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N.B. economist says Moncton needs to attract up to 3,000 immigrants a year
New Brunswick’s chief economist says Moncton needs to bring in up to 3,000 immigrants a year to support a healthy economy, which is triple the current rate of those moving to the city.
Justin Ryan with the Greater Moncton Multicultural Association says it’s an achievable goal, and it can be done through attraction and retention.
“There's no good in getting 3,000 people here if 3,000 aren't compelled to stay,” says Ryan.
But some fear immigration leads to fewer job opportunities for people born in the country. Ryan says it’s the other way around.
“The idea that immigrants come here and create jobs or reserve jobs is one of the biggest missing dialogues in understanding the economic impact of immigration,” he says.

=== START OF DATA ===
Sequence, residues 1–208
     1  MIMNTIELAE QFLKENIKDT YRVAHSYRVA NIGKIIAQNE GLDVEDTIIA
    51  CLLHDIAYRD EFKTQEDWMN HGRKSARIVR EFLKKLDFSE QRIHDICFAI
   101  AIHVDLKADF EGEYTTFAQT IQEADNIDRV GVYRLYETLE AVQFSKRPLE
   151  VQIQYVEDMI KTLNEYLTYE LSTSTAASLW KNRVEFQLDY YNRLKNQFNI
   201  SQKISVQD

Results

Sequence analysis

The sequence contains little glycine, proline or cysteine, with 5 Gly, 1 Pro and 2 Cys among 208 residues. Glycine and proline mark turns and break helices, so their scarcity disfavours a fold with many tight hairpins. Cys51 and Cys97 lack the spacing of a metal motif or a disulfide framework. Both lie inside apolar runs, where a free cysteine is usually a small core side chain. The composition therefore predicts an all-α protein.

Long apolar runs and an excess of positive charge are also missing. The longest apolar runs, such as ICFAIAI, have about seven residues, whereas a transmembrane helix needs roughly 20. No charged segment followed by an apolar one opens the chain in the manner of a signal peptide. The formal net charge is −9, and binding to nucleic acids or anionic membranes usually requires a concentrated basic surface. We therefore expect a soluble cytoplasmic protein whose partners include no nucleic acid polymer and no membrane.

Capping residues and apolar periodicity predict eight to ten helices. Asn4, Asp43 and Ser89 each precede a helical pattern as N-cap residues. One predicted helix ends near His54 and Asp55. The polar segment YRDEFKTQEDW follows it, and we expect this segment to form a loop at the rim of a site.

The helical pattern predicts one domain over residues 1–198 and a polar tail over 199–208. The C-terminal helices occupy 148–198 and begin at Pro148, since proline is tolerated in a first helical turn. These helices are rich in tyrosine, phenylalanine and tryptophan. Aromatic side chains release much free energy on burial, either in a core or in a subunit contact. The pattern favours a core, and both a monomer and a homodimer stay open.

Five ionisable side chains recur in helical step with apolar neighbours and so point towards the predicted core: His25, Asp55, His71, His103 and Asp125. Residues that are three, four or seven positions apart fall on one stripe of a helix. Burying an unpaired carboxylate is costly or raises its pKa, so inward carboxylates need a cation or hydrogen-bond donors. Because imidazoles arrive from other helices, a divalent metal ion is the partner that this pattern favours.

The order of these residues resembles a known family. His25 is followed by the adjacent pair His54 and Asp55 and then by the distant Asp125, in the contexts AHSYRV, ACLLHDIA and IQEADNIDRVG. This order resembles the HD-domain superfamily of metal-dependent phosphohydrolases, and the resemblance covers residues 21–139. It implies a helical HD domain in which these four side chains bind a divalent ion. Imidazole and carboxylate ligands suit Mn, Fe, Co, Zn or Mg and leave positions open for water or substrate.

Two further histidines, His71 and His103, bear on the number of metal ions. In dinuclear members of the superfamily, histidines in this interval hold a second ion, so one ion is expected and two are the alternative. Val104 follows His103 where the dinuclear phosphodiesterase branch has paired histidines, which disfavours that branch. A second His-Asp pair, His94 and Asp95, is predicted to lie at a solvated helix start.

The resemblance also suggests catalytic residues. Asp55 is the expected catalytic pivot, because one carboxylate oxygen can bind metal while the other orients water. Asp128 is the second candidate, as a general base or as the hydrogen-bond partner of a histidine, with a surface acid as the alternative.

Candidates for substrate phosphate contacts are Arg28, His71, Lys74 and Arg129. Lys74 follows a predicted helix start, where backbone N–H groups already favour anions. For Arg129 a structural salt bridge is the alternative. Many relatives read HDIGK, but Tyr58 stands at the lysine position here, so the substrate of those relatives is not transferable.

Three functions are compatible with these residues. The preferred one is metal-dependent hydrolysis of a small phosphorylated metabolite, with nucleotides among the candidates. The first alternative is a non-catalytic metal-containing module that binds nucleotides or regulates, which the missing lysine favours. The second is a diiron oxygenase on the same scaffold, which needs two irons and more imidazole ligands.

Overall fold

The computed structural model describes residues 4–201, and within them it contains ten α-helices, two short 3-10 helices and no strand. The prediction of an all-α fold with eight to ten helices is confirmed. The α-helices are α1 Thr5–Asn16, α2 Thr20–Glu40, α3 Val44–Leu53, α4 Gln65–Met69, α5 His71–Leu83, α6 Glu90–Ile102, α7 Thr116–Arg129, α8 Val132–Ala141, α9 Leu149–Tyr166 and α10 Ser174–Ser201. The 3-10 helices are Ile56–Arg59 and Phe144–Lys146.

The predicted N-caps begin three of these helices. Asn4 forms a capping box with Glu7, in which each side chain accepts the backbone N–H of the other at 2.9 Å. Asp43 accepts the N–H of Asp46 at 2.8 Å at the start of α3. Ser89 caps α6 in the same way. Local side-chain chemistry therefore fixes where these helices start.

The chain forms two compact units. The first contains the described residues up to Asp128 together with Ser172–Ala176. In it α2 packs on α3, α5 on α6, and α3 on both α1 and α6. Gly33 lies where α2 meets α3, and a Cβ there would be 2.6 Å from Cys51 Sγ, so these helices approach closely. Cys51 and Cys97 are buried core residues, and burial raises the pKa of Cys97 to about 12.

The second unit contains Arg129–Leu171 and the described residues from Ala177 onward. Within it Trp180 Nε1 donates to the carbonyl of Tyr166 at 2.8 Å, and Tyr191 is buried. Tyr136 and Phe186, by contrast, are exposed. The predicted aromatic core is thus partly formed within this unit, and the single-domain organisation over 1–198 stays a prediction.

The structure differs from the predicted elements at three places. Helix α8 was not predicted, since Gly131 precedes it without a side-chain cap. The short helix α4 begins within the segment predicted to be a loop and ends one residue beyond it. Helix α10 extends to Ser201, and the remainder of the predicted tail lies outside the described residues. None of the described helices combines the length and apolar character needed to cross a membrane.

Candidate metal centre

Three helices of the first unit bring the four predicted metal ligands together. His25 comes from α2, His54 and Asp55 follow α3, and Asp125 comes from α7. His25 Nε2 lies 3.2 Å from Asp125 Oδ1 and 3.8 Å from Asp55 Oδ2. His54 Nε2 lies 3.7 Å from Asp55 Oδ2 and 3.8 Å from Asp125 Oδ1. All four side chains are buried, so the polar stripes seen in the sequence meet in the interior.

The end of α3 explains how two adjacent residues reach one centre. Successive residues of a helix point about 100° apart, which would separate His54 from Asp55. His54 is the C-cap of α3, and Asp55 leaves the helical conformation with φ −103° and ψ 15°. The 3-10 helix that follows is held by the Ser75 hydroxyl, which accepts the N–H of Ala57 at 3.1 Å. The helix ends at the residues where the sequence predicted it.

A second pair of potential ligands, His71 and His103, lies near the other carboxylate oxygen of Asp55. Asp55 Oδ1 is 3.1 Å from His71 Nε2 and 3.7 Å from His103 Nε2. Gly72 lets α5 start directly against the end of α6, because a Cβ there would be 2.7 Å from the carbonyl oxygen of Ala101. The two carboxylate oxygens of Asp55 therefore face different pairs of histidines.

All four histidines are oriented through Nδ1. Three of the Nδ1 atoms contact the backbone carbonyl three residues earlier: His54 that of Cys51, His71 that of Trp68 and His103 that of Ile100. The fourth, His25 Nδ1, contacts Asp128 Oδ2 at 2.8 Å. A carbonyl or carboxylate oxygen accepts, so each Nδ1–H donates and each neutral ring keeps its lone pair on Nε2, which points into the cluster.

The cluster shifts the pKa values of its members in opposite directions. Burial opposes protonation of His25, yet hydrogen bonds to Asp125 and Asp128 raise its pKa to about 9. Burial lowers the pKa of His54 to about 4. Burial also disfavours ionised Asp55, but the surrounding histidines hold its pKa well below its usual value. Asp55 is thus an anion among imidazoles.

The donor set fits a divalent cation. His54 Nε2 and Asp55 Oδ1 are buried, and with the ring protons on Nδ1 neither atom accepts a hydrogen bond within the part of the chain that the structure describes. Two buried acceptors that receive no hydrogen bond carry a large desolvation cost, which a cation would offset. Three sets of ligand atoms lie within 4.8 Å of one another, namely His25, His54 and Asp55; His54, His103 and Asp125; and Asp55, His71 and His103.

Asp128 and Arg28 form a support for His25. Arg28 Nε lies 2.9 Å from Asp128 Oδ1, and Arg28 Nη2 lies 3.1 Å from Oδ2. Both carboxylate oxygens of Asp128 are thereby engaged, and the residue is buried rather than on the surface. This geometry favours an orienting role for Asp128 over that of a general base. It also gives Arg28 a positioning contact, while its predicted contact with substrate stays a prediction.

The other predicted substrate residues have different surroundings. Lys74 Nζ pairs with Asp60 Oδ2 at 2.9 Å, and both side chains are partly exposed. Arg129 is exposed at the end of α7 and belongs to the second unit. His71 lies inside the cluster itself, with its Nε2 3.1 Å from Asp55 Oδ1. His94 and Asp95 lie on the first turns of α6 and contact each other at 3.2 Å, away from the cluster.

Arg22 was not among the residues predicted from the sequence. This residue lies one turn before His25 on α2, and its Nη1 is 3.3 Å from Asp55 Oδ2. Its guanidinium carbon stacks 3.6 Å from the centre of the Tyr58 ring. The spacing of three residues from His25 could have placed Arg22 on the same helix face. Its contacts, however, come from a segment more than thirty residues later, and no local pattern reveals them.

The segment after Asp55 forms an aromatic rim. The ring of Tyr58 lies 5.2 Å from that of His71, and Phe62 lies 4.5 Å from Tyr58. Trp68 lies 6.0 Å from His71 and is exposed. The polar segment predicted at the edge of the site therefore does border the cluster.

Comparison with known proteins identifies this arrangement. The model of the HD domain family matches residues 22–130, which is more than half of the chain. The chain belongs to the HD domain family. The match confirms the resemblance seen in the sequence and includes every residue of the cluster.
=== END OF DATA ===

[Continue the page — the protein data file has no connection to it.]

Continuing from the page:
Much of the city’s growth will partially come from the Atlantic Growth Pilot, a program aimed at pairing immigrants' skills with employers who need them.
“We also recognize there is well over a 1,000 international students that live here and a large portion of these students want to stay in the region so we see the Atlantic Growth Pilot, as well as all the other immigration streams, as a great opportunity,” says Moncton immigration officer Angelique Reddy-Kalala.
Another tactic is through the refugee program. Those fleeing conflict will eventually establish themselves in Moncton, then hopefully encourage family and friends to do the same.
“Certainly there is a long-term flow and effect post-conflict in terms of regular economic and independent immigration,” says Ryan.
Syrian refugee Hagob Sarkis believes he and his brother are prime examples. They plan to settle in the city after running from war in Syria.
“My job is a machinist,” said Sarkis. “I like to work in my job, but if I can't find my job I have no problem working another job.”
Ryan says there are more jobs available in Moncton than there are people looking for work. Filling those vacancies is crucial for the city to support its economy and continue to grow.
With files from CTV Atlantic’s Jonathan MacInnis.